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Black Sherif Brought Down to Earth in Abysmal Visuals for “Kwaku the Traveller”

Black Sherif Brought Down to Earth in Abysmal Visuals for “Kwaku the Traveller”

Kwaku the Traveller

Fans only got very little of Sherif’s passionate and theatrical side this time, which was rather disappointing. For a gifted artiste who’s already competing at the very top level, this video is unacceptable…

By Omowale Michael Bokinni

Poor acting skills, terrible directing, poor visual effects: the recipe for disaster in Black Sherif’s “Kwaku the Traveller” video. Afro-hip-hop’s present avatar, Black Sherif, delivers a rather mundane performance in highly-anticipated visuals for his smash hit single, “Kwaku the Traveller.”

The African music industry is moving at break-neck speed these days, and can now in some ways be likened to a hamster’s wheel. New musical contents are becoming increasingly in demand more than ever. Because of this, songs and other musical contents have very short shelf life in the hearts of fans and listeners. This puts artistes and labels constantly on their tippy toes in a bid to keep up with this highly demanding and competitive market. Top artistes can no longer afford any sloppiness or slips, otherwise they do so at the expense of their highly-coveted spot.

Black Sherif

When a great song like “Kwaku the Traveller” is released, excited and passionate fans immediately begin to put images together in their head, of how or what the video for the song ought to look like. If the video for a hit song like Sherif’s tarries longer than necessary before it is released, there is the tendency for these fans to lose interest, as the anticipation wanes with time. Impatient, content-starved fans continually yearn for something fresh, and in order to satisfy their cravings and desires, they become preoccupied with some other exciting and interesting musical prospects or contents coming their way, from either established acts or emerging ones. “Kwaku the Traveller” video comes relatively late, and the extent to which it is generally satisfactory is questionable. However, had it been released closer to the time of its release, the video might have been analysed with less critical eyes.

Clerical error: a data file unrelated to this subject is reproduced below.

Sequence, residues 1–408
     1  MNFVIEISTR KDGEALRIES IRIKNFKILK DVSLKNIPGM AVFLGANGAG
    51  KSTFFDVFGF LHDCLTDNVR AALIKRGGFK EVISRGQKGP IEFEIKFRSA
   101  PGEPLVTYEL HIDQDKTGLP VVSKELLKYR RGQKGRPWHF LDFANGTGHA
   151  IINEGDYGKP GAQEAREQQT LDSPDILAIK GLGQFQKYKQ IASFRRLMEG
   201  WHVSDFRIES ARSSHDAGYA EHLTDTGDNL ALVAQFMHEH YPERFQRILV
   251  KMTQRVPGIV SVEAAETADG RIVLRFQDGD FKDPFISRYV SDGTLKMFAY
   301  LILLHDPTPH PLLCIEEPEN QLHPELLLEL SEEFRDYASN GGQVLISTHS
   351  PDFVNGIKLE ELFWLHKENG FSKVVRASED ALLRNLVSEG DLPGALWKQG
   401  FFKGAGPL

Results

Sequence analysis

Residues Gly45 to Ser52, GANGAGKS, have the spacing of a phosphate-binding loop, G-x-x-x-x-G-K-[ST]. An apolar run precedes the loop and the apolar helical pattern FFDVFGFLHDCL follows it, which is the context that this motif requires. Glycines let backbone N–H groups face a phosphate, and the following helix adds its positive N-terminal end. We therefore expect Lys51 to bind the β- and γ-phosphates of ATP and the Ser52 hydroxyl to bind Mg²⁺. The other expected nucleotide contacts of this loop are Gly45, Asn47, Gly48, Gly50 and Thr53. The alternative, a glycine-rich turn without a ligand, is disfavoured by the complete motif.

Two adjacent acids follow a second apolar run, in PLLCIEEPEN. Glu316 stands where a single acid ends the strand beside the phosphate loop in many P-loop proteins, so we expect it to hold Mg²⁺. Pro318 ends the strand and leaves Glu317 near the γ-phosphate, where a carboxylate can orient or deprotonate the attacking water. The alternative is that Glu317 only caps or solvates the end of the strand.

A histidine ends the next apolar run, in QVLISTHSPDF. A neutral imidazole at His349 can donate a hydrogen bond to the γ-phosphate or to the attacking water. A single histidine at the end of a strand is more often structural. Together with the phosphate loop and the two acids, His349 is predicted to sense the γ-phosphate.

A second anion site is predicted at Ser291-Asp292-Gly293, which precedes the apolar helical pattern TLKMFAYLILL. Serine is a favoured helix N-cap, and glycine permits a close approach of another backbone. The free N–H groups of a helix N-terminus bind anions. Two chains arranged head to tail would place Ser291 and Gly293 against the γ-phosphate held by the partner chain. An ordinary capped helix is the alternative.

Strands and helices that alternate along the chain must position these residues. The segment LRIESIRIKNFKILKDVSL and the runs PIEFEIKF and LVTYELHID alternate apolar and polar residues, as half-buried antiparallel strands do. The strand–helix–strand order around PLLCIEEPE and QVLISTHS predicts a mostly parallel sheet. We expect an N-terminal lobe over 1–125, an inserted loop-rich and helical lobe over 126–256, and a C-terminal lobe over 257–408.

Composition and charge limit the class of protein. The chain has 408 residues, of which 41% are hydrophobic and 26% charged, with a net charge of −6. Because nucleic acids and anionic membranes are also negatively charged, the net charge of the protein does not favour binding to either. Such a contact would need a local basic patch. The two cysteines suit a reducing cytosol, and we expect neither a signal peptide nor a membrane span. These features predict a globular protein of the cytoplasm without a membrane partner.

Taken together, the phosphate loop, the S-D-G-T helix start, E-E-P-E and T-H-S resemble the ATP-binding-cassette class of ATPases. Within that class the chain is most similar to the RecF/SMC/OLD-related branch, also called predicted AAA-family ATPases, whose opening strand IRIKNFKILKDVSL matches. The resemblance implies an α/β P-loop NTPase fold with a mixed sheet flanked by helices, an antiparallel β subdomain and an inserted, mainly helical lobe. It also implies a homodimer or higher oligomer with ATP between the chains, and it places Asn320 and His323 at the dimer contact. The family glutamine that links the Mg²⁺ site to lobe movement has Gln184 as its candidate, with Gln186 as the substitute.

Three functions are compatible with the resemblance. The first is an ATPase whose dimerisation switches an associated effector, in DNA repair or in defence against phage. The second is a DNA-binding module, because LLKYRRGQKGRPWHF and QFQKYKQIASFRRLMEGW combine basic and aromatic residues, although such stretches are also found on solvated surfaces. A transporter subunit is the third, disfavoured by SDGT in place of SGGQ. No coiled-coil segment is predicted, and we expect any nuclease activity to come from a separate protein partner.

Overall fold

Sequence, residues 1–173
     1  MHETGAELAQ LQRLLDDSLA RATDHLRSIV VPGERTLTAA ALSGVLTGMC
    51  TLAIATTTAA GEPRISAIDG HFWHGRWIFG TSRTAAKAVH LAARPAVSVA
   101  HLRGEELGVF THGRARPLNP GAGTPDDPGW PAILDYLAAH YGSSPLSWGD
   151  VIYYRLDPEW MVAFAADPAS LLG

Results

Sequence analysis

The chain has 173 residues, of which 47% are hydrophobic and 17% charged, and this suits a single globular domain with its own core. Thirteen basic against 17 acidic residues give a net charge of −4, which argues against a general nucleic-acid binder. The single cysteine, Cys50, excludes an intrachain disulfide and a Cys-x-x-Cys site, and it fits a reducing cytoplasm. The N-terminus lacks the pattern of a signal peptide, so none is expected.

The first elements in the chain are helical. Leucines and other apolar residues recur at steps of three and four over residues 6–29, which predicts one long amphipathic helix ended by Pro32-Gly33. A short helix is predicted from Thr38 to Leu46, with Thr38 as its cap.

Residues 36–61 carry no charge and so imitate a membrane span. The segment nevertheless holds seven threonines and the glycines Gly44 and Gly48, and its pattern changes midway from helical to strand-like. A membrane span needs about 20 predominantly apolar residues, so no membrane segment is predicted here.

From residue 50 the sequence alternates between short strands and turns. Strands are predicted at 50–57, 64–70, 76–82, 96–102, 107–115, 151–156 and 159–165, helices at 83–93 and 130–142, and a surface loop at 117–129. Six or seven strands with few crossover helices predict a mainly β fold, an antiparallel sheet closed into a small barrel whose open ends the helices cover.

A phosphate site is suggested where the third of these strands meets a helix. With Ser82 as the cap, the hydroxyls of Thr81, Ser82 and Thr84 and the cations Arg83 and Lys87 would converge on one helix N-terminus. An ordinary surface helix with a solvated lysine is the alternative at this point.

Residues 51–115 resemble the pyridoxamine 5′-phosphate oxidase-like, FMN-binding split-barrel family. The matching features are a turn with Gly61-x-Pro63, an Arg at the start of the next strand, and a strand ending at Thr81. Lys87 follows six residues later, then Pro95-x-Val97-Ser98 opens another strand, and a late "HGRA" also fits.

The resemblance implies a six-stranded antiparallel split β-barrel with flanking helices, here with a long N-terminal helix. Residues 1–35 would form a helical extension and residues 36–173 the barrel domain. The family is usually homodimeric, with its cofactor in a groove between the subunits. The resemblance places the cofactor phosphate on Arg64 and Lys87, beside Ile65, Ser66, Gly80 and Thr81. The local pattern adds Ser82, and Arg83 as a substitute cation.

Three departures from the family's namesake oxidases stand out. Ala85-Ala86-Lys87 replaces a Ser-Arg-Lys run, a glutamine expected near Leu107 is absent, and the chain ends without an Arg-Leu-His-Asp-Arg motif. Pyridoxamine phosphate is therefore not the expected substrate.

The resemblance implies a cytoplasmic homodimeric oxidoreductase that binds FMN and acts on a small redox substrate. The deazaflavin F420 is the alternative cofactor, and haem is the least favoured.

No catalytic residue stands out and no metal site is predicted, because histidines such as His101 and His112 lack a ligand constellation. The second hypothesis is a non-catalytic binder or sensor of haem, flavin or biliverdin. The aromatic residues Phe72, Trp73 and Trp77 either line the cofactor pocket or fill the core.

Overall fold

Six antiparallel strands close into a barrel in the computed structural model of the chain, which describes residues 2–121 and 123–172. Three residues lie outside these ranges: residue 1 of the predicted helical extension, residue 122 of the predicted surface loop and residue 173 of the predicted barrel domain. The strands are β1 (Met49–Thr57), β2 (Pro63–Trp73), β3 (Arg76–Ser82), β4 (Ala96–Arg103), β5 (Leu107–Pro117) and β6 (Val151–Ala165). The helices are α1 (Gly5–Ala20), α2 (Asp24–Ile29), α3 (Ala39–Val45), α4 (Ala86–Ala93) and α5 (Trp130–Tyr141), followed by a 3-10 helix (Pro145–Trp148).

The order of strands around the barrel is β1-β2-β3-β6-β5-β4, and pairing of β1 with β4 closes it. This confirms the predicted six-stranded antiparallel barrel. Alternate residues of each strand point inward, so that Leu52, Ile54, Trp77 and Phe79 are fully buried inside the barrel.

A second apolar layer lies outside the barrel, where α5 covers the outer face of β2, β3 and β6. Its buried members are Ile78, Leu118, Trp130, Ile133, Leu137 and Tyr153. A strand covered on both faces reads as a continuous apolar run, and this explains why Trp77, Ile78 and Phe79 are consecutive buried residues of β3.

Shot with old-fashioned cinematographic techniques, this video is as bad as they come.

I was utterly embarrassed and, quite frankly, shocked at some of the clips and shots that were taken by the video director, David Nicole-sey. It’s sadder that this is happening in 2022.

There were lots of terrible decisions made by Nicole-sey, and I could immediately tell, after reading his lengthy explanation of the story and concept behind the visuals, on YouTube, that he knew he had done a terrible job. A good story or concept needs no explanation; consumers would automatically figure it out for themselves.